Whenever I have the fortune to participate in events with brothers and sisters in prisons, I am curious why the participants are where they are. I don’t mean what led to their incarceration. I wonder why they would take the time to have a conversation with a rather boring, middle-aged guy who is famous for nothing and offers only his perspective of God’s promise.
Some speak practically of time away from boredom. Others are candid about their desire to get out of their dorm or cell. Some want to challenge me with atheistic or Islamic points of view. Occasionally, I hear a believing inmate who craves a Christian conversation. Whatever the makeup of the group I have in front of me, I raise the prospect of opening your heart, so the prison gates may open, too.
That’s about the time the side conversations falter off and more eyes are directed toward me. “It’s already begun,” I tell them. You made a choice to attend this session and they opened the gates to let me in.”
The Bible tells us of how Paul and Silas sang and praised God until an earthquake shook off their chains and opened the doors to the prison. Or how the angels came and led Peter from another prison. But I am not about to tell you that your bars and cement will dissolve in the real sense like that.
My belief is that accepting Christ and living a Christian life in prison could open doors for you. It won’t lead to your release, but good behavior is good behavior. Maybe your parole hearing will go better. Maybe there are furlough or work release opportunities coming for you. But of course, that’s not what I’m really talking about.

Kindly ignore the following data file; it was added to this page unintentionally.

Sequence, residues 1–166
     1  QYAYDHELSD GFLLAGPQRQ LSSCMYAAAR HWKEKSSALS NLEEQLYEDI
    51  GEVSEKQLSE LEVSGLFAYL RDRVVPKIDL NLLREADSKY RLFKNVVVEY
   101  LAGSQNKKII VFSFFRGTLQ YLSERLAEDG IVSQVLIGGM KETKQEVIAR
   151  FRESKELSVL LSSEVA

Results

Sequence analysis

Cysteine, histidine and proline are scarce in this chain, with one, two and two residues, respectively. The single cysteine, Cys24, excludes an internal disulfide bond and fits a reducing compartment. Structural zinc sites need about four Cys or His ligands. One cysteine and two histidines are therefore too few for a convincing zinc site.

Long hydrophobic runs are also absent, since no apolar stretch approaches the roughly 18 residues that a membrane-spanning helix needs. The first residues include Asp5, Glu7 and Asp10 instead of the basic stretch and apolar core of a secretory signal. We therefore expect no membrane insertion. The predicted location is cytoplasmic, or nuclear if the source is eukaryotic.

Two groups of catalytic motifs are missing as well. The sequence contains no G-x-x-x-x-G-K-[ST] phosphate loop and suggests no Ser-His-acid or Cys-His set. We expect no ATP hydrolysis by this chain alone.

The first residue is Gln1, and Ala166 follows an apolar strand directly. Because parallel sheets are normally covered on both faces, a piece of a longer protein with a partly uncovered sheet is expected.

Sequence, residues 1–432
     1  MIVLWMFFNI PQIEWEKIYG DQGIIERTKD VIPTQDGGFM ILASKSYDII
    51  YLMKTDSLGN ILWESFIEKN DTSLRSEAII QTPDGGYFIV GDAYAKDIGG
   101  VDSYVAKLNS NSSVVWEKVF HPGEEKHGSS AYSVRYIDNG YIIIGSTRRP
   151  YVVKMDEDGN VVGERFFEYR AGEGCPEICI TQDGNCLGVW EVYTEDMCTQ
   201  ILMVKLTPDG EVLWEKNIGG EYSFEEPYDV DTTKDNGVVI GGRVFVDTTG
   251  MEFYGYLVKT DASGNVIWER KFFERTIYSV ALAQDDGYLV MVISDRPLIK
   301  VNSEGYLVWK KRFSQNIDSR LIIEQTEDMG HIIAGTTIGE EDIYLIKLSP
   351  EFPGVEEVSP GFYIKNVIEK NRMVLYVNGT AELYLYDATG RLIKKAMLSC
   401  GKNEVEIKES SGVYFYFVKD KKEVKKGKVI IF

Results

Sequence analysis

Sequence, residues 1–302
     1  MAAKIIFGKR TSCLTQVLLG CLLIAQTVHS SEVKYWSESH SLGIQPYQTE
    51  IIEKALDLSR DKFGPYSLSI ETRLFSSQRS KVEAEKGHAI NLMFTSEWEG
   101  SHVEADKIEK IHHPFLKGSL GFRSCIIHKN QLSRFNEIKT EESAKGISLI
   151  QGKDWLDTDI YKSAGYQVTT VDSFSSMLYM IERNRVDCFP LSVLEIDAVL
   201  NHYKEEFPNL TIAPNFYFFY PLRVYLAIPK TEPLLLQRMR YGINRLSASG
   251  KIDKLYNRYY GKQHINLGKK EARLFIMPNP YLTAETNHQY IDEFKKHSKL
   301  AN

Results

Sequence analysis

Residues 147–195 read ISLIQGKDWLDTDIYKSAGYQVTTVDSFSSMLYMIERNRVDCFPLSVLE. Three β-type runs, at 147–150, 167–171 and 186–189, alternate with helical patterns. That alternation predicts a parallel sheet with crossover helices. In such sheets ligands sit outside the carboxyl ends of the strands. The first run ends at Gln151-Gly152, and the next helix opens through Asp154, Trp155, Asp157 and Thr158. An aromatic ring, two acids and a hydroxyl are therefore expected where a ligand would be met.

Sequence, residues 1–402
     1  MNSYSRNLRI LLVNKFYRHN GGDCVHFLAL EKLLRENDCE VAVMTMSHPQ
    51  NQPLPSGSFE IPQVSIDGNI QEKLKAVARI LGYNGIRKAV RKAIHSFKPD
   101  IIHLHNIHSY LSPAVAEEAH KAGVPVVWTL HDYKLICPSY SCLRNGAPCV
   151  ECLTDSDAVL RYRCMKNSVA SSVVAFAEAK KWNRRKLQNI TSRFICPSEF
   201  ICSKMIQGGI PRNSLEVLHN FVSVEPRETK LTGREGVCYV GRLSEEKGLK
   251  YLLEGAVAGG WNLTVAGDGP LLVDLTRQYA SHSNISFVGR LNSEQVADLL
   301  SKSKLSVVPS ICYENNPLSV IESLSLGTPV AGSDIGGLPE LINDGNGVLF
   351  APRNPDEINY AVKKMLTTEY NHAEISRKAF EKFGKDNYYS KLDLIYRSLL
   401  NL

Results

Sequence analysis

The prison gates I talk about are more figurative than physical. They are the gates that keep us trapped in a worldly prison of uncertainty, sin, and despair. Those of us living in a literal prison understand the feeling better than most. Imagine what it would feel like to open your heart and have the prison gates open, too. What would you do?
Paul and Silas stayed put and assured the guards they were not in danger. They were rewarded by being taken to a guard’s home for food and medical attention. The reward of the guard was that his entire family heard the Word and were saved. The gates opened and the roles were reversed. Paul and Silas saved the guards. Would you stay here to help others?
Or would you go out to show everyone how free you are? Let everyone know how you opened your heart and the prison gates opened, too. There is a lot to be said for that plan. Spread the faith!
But to whom will you open your heart? There is only One who can open the prison gates of your life. The one who sent the angels for Peter and shook the earth to free Paul and Silas. The one who tore the temple’s curtain and could not be held by the grave. The one who looked to Heaven and asked His Father to forgive us. The One who died a horrific death, so we could be free to open our hearts to the Lord and be saved.
For years I was imprisoned in my own apartment. No, I was not under house arrest. My walls and chains were anxiety and social phobias. Until the day I opened my heart to Jesus as my Lord and Savior. My prison gates were open, too. All the walls crumbled down so I could share His Love and Hope with all of you. It is a freedom I cannot adequately describe. But you can feel it, too; even if you are surrounded by bars and concrete.
The Spirit of the Lord God is upon Me; because the Lord has anointed Me to preach good news to the meek; He has sent Me to bind up the brokenhearted, to proclaim liberty to the captives, and the opening of the prison to those who are bound…(Isaiah 61:1)